Small steps to scala (6/20) - objects

Scala
6/20

Objects

In Scala everything is an object. While in Java there is a distinction between primitive types and reference types, Scala does not have that. For example numbers, expressions, functions are all objects.

In the Java meaning of the word, an object is an instance of a class and that is true for Scala also. However, in Scala, the keyword object has an extra meaning.

  • inside an object, you can define a main class as the starting point of a Scala application
  • the keyword is used to define the equivalent of a Java static class
  • and finally, it is used to create a so called companion objects

Application objects

Paste the following code inside a file called Hello.scala:

object HelloScala {
    def main(args: Array[String]) {
        println("Hello, Scala!")
    }
}

And then compile it using the command: scalac Hello.scala.
To run the binary, execute the following command:

> scala -classpath . HelloScala
Hello, Scala!

It is also possible to type the above code into the Scala REPL and run it from there.

scala> :paste
// Entering paste mode (ctrl-D to finish)

object HelloScala {  
    def main(args: Array[String]) {
        println("Hello, Scala!")
    }
}

// Exiting paste mode, now interpreting. <<< Press Ctr + D here

defined object HelloScala

scala> HelloScala.main(Array(""))
Hello, Scala!

All Scala programs must have a main method, where the program starts.

It is however possible to have an executable Scala program without the main method. In this case, you need to extend the App trait, as shown in the example below.

object HelloAgain extends App {  
        println("Hello, Scala! Look, no main!")
}

Note the result in REPL! You still need to call the main method, although it wasn't specifically defined in the object.

scala> HelloAgain.main(Array())
Hello, Scala! Look, no main!

Like Java static classes

object Rand100 {
    var top = scala.util.Random
    
    def getRand = top.nextInt(100)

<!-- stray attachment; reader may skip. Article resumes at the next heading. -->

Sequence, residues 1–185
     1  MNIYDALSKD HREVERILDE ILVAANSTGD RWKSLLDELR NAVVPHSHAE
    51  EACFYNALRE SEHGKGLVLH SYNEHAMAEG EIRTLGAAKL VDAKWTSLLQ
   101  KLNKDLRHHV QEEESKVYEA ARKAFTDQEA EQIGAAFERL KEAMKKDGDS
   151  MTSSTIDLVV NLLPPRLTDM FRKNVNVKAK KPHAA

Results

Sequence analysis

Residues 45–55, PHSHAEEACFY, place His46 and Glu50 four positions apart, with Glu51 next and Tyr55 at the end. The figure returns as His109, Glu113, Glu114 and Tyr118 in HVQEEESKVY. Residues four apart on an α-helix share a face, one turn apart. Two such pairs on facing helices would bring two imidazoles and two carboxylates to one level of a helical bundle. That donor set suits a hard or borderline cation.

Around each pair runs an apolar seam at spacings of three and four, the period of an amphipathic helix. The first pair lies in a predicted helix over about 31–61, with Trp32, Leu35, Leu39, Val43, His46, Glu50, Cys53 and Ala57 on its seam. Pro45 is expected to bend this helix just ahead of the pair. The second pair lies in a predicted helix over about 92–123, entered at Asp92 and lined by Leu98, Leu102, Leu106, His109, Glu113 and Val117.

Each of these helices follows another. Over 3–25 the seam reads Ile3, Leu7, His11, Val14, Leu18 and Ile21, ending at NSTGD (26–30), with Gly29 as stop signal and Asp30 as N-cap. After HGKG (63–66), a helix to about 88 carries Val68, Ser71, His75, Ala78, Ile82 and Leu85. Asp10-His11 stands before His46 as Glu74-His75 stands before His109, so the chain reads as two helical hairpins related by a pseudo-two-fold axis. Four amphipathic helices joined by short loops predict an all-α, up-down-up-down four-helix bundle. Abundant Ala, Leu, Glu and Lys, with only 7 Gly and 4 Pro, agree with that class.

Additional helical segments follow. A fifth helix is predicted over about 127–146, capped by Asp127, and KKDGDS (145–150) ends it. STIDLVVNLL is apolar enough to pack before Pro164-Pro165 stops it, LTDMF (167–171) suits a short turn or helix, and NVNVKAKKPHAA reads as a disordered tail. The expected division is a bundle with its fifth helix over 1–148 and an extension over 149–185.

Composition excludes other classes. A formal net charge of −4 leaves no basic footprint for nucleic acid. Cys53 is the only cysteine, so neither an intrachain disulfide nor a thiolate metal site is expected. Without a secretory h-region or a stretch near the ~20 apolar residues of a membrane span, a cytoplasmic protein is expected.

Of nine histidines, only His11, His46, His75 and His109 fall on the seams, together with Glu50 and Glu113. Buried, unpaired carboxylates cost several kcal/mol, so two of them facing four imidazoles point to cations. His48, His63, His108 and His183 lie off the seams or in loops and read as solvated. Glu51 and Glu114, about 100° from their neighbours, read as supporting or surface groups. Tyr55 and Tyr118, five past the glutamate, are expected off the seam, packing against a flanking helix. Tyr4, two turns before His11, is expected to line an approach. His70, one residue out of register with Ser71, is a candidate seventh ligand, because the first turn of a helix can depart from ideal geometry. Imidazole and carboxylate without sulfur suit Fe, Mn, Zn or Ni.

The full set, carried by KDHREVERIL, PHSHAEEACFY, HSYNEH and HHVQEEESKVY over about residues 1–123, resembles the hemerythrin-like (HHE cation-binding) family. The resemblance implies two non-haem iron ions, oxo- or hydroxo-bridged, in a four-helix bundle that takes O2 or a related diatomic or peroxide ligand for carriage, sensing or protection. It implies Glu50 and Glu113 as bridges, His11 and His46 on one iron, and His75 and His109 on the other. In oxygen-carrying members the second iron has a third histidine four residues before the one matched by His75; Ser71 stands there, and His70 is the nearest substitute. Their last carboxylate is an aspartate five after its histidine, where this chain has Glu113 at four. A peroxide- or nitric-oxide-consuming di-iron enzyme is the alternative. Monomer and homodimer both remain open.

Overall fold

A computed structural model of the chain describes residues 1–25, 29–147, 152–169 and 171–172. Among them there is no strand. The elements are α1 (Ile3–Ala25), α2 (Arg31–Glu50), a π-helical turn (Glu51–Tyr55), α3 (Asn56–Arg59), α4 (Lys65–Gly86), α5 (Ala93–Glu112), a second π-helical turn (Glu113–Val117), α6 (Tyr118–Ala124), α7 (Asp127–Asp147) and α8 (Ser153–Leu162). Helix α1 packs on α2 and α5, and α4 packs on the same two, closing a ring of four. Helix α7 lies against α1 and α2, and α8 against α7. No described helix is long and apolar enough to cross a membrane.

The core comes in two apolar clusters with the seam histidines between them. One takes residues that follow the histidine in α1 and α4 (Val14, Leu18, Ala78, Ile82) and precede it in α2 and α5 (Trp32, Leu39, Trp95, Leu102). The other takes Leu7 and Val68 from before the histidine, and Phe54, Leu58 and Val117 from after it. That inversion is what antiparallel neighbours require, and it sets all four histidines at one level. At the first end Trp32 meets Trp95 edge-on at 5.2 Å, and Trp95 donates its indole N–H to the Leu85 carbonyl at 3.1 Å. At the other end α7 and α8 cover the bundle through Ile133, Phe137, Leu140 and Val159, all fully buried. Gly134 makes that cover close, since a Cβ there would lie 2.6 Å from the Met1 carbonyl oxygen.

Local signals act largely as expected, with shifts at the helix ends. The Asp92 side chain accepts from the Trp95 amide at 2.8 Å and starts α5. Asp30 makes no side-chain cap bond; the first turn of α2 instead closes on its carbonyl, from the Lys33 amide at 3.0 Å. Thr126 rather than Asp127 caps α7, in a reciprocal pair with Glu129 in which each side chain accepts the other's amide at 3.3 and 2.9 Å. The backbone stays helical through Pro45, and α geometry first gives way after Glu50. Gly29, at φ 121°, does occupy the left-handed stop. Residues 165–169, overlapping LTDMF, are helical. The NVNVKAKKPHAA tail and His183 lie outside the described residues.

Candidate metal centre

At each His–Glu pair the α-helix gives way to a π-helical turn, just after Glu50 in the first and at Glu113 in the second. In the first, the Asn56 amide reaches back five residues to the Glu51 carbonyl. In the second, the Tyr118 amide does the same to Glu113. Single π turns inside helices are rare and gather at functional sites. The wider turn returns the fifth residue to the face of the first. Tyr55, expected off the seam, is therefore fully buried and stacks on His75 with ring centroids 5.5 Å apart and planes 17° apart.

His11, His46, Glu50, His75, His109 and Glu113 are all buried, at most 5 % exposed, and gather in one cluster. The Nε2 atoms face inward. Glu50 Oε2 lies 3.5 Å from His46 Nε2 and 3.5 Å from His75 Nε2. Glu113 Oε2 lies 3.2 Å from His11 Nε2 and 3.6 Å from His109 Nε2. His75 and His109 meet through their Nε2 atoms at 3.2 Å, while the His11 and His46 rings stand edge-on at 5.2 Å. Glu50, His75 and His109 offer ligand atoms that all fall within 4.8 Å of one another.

}

In order to call the method getRand all you have to do is:
Rand100.getRand and it will return an Int rand between 0 and 100.

Companion objects

Companion objects in Scala are objects with the same name as the class and it is defined inside the same file. A companion object is similar to having a class with static methods.

The companion object has access to all methods and properties of the class even if they are private. As mentioned earlier, everything in Scala is an object. However, if you want to treat an object like a function, you can use the apply method.

class myString(val aString: String) {
    private var extraString = ""
    override def toString = aString + extraString
}

object myString {
    def apply(base: String, extras:String) = {
        val s = new myString(base)
        s.extraString = extras
        s
    }
    
    def apply(base: String) = new myString(base)
}

Calling the object above using one and two arguments:

scala> println(myString("Hello"))
Hello
scala> println(myString("Hello", ", World"))
Hello, World

Objects extending a class or a trait

You extend classes in Scala the same way you do in Java.

import java.io._

class Point(val xc: Int, val yc: Int) {
    var x: Int = xc
    var y: Int = yc

    def move(dx: Int, dy: Int) {
        x = x + dx
        y = y + dy
        println("Point x location: " + x)
        println("Point y location: " + y)
    }
}

class Location(override val xc: Int, override val yc: Int, val zc: Int) extends Point(xc, yc) {
    var z: Int = zc

    def move(dx: Int, dy: Int, dz: Int) {
        x = x + dx
        y = y + dy
        z = z + dz

        println("Point x location: " + x)
        println("Point y location: " + y)
        println("Point z location: " + z)
    }
}

object Test0 {
    def main(args: Array[String]) {
        val loc = new Location(10, 10, 10)

        // move to a new location
        loc.move(1, 2, 3)
    }
}

Running the code above

scala> Test0.main(Array(""))
Point x location: 11
Point y location: 12
Point z location: 13

An example using traits and classes.

trait Equal {
    def isEqual(x: Any): Boolean
    def isNotEqual(x: Any): Boolean = !isEqual(x)
}

class Point(xc: Int, yc: Int) extends Equal {
    var x: Int = xc
    var y: Int = yc
    def isEqual(obj: Any): Boolean = { obj.isInstanceOf[Point] && obj.asInstanceOf[Point].x == x }
}

object Test1 {
    def main(args: Array[String]) {
        val p0 = new Point(2, 2)
        val p1 = new Point(2, 2)
        val p2 = new Point(1, 3)

        println(p1.isEqual(p0))
        println(p1.isEqual(p2))
        println(p2.isNotEqual(p0))
        println(p0.isEqual(3))
        println(p2.isNotEqual((4,1)))
    }
}

The result:

scala> Test1.main(Array())
true
false
true
false
true

[+] Scala series
  • Small steps to Scala 1/20 - the basics
  • Small steps to Scala 2/20 - functions
  • Small steps to Scala 3/20 - arrays
  • Small steps to Scala 4/20 - maps and tuples
  • Small steps to Scala 5/20- classes

  • Disclaimer: This is by no means an original work it is merely meant to serve as a compilation of thoughts, code snippets and teachings from different sources.